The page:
Entries in Mediterranean Diet (5)


Mediterranean Diet Helps to Preserve Memory and Cognitive Skills

iStockphoto/Thinkstock(NEW YORK) -- According to a new study, a Mediterranean diet, high in Omega-3s and low in meat and dairy, may help to preserve memory and cognitive ability.

The study, published in the journal Neurology, was the largest study to date on the impact of Omega-3 fatty acids.

Researchers analyzed data collected from over 17,000 participants with an average age of 64 years old. Each participant was given a series of mental tests over a span of four years.

Among healthy subjects, those who adhered closest to the Mediterranean style diet were almost 20 percent less likely to develop issues with their memory or thinking skills.

Researchers say that because there is no treatment for Alzheimer's disease or cognitive decline, a diet that helps to prevent its onset could prove to be of major importance.

Omega-3s are found in most fish, chicken, vegetables and olive oils.

Copyright 2013 ABC News Radio


Mediterranean Diet Cuts Risk of Heart Disease, Study Finds

iStockphoto/Thinkstock(NEW YORK) -- Could switching to a Mediterranean-style diet that emphasizes fruits, vegetables, fish, olive oil and nuts, help reduce your risk of heart attacks, strokes and heart-related deaths?  A new study out Monday in the New England Journal of Medicine suggests it could.

Researchers in Spain looked at over 7,000 patients who did not have heart disease but were at high risk.  The patients were then put on either a Mediterranean diet plus olive oil, a Mediterranean diet plus nuts, or a regular diet with a direction to reduce fat.  

The study's authors found that those on the Mediterranean diets had a 30-percent reduction in cardiovascular events.

"The study really is a potential game changer because it's the first large dietary study in many years which has looked at disease event outcomes, you know such as heart attacks or strokes, as opposed to intermediate markers, such as effects on cholesterol or inflammatory markers in the blood," says Dr. Eric Zacharias, an assistant clinical professor at the University of Colorado and author of the book The Mediterranean Diet: A Clinician's guide for Patient Care.

"This is the best evidence we have to date that simple changes in your diet can actually reduce the chances that you're going to get heart disease and die from heart disease," notes ABC's Chief Health and Medical Editor Dr. Richard Besser.

So what exactly is so healthy about the Mediterranean diet?

"The favorable nutrients and health-promoting properties of olive oils, plant-based foods and vegetables and fruit and also the avoidance of the unfavorable effects that come from simple and refined sugars and large loads of animal fats and red meat," explains Zacharias.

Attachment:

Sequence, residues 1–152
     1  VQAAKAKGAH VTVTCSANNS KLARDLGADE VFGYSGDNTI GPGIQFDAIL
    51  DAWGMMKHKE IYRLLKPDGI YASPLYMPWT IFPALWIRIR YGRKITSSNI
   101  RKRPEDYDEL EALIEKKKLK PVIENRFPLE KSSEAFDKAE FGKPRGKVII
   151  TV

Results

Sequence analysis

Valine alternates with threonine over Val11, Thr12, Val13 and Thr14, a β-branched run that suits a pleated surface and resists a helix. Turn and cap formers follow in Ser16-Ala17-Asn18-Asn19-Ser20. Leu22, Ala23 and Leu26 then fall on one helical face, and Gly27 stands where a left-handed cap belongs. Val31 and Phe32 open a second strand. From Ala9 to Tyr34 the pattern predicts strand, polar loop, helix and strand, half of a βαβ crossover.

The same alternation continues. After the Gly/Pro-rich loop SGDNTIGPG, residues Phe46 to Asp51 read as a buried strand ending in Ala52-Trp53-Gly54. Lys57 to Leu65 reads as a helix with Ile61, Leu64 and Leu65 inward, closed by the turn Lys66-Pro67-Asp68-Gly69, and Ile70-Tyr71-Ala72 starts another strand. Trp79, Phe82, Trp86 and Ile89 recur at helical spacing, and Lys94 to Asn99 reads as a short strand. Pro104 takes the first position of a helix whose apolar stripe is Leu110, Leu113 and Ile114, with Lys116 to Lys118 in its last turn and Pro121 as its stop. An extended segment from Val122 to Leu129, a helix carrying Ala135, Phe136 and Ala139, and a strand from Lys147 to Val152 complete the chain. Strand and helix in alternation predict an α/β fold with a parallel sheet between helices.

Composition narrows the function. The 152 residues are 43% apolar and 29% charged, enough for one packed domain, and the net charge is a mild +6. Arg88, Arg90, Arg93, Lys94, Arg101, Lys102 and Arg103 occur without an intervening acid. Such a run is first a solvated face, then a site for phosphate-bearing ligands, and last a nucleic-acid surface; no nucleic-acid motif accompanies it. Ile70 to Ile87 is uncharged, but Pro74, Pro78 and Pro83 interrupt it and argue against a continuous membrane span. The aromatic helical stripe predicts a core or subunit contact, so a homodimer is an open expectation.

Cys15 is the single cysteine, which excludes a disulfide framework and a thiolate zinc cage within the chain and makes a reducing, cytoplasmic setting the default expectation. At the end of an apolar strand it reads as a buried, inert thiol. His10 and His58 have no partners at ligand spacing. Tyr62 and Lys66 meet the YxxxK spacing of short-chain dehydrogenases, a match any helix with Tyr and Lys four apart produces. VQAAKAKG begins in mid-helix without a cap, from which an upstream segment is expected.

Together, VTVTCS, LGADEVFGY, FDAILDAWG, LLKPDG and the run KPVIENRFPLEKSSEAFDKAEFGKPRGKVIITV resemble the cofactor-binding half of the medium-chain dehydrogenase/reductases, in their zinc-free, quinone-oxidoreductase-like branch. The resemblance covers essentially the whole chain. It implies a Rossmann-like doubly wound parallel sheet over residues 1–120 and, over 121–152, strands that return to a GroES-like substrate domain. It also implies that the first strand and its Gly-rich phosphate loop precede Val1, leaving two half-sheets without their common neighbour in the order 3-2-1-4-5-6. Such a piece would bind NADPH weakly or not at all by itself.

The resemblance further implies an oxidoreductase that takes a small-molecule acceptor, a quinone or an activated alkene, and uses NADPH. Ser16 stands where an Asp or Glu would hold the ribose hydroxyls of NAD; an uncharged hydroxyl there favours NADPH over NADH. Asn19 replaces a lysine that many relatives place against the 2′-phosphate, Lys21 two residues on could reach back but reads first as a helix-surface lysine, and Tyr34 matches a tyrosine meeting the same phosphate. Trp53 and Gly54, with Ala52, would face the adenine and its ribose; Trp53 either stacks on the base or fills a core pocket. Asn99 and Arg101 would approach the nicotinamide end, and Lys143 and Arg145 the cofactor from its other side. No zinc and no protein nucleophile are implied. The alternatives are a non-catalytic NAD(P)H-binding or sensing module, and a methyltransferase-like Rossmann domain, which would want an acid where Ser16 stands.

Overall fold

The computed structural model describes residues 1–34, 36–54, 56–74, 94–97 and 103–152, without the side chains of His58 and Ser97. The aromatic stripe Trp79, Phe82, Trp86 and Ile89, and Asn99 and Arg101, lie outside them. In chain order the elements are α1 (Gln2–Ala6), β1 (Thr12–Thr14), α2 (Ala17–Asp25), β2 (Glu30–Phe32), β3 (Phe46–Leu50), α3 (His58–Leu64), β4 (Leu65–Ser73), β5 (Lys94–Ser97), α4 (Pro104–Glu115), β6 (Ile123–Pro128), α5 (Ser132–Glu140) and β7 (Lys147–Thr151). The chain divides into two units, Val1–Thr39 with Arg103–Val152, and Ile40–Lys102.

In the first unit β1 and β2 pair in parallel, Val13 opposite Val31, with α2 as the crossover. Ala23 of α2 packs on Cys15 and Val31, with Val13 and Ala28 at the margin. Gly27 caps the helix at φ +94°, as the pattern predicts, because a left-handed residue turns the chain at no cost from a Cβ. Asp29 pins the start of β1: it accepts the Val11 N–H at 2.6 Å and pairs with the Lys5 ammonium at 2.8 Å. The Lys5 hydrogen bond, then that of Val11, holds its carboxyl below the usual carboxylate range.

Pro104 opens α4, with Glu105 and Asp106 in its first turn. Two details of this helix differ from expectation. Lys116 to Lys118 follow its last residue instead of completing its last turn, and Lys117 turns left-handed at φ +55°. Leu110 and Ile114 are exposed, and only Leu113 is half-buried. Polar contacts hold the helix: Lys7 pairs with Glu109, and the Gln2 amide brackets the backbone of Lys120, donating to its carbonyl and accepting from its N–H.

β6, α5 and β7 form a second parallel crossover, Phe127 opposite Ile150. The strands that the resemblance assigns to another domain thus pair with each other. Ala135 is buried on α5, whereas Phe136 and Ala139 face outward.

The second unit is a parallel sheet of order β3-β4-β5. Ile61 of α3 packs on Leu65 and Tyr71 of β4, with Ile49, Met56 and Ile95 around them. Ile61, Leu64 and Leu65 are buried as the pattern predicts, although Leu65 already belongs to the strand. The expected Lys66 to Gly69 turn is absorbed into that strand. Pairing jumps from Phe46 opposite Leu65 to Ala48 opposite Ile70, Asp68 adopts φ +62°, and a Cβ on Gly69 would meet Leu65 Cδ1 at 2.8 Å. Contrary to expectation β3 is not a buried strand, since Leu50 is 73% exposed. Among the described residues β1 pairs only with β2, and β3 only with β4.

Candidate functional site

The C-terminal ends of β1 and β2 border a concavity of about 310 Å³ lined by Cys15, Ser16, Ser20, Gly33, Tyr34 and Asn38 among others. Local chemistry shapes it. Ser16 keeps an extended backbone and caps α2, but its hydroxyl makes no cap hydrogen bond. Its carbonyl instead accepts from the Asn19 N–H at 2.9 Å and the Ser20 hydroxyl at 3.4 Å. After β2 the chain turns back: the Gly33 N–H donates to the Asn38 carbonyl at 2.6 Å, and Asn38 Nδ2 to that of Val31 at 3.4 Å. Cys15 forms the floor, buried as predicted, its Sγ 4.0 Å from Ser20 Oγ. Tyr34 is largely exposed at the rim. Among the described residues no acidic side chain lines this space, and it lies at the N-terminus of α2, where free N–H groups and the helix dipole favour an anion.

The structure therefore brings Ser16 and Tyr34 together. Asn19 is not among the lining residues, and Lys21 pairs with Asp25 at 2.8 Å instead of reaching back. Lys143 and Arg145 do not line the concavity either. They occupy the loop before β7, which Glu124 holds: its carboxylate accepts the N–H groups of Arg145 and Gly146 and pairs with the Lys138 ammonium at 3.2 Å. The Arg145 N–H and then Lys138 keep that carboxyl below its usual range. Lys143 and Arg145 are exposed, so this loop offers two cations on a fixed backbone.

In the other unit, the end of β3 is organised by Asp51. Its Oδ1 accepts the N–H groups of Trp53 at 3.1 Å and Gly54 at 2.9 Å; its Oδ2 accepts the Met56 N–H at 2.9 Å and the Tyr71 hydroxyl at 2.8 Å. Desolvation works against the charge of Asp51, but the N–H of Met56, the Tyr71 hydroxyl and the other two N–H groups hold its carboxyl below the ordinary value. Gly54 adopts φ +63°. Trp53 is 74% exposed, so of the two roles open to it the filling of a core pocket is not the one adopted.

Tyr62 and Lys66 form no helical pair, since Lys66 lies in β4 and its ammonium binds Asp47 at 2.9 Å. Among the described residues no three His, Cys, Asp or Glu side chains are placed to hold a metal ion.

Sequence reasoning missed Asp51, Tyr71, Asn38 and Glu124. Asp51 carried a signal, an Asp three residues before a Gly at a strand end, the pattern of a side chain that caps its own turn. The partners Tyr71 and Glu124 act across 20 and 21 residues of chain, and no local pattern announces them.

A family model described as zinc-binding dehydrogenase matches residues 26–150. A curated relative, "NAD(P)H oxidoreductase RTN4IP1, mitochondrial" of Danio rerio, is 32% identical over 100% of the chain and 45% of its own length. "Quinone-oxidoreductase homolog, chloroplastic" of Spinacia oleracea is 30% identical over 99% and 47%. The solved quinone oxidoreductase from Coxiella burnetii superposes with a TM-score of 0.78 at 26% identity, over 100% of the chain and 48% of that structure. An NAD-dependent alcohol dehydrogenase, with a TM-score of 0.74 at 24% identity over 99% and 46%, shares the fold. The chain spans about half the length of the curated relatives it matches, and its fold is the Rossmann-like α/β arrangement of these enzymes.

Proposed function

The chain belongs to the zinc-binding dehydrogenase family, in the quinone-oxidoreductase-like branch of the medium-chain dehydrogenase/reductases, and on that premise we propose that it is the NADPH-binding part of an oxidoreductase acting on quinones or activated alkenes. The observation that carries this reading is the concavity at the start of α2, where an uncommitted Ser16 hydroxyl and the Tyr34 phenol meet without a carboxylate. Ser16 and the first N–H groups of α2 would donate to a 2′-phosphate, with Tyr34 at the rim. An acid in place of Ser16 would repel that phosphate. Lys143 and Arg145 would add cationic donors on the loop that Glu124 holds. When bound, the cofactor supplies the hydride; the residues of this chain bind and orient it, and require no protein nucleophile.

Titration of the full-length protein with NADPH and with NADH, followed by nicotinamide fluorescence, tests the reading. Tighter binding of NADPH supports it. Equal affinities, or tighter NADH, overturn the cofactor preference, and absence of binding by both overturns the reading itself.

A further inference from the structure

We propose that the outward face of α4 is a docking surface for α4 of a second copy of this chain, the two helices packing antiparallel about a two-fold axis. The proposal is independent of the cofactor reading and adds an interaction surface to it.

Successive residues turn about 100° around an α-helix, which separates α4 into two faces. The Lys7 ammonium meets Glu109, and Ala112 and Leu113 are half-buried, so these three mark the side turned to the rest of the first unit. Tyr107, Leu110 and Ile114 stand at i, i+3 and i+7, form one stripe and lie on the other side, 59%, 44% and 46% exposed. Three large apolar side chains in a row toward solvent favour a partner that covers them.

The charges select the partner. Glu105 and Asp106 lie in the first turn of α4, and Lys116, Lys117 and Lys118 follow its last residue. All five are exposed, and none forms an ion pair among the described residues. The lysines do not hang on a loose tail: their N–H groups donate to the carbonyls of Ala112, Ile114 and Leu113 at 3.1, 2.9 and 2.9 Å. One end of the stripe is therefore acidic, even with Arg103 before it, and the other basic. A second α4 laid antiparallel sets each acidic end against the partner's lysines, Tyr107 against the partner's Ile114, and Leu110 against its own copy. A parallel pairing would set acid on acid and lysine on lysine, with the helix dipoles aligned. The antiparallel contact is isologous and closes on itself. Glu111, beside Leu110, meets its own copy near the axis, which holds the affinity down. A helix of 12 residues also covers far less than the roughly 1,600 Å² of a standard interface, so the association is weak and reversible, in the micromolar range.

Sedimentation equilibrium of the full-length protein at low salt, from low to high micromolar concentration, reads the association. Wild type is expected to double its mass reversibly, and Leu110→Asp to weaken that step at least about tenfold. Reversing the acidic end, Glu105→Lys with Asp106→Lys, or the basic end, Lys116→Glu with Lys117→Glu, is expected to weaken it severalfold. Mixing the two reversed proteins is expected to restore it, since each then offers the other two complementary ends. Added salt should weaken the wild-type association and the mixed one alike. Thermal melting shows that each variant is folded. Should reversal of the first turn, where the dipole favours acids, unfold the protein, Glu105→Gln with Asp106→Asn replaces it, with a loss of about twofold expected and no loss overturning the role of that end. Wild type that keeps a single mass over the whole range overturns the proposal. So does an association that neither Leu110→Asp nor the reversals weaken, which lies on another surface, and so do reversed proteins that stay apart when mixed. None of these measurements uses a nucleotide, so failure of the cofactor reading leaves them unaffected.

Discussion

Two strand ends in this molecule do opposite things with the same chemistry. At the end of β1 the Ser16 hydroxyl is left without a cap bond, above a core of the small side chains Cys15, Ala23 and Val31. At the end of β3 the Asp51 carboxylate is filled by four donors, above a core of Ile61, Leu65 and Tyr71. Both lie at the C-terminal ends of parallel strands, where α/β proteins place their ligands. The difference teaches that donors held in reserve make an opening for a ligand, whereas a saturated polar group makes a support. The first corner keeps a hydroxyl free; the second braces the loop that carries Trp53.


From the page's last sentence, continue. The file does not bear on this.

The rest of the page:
He says the diet change could not only help those at risk, but also the economy.

"The health care costs for hospitalization for heart attacks and strokes, even if there's just a tiny dent in the hospitalization, it would result in billions of dollars of health care savings each year," says Zacharias.

Copyright 2013 ABC News Radio


Mediterranean Diet May Improve Bone Health, Study Suggests

iStockphoto/Thinkstock(NEW YORK) -- Could olive oil be the new milk?  A new study suggests that this might be the case -- though not all health experts are convinced yet.

The study, which looked at 127 elderly Spanish men, found that those who ate a Mediterranean diet enriched with olive oil had higher levels of a protein called osteocalcin that plays a role in bone formation.  The research was published in the Journal of Clinical Endocrinology and Metabolism.

This could be an important finding since osteoporosis is the most common bone disease in the United States, affecting more than 10 million people.  Osteoporosis mainly affects elderly women, but men can develop the disease too.  In 2005, there were an estimated two million osteoporosis-related fractures, 29 percent of them in men.

Earlier studies have found that there are lower rates of osteoporosis in the Mediterranean basin, compared to the rest of Europe, and that may have something to do with the Mediterranean diet.  This diet consists of minimally processed fruits, vegetables, breads, beans, nuts and seeds.  Olive oil is supposed to be the main source of fat, and there is usually limited dairy, egg and red meat.

Past studies have suggested that the Mediterranean diet has the potential to lower cardiovascular risk, increase weight loss, lower cancer risk, improve diabetes, and reduce pain and swollen joints in rheumatoid arthritis.  What if improved bone health could be added to this growing list?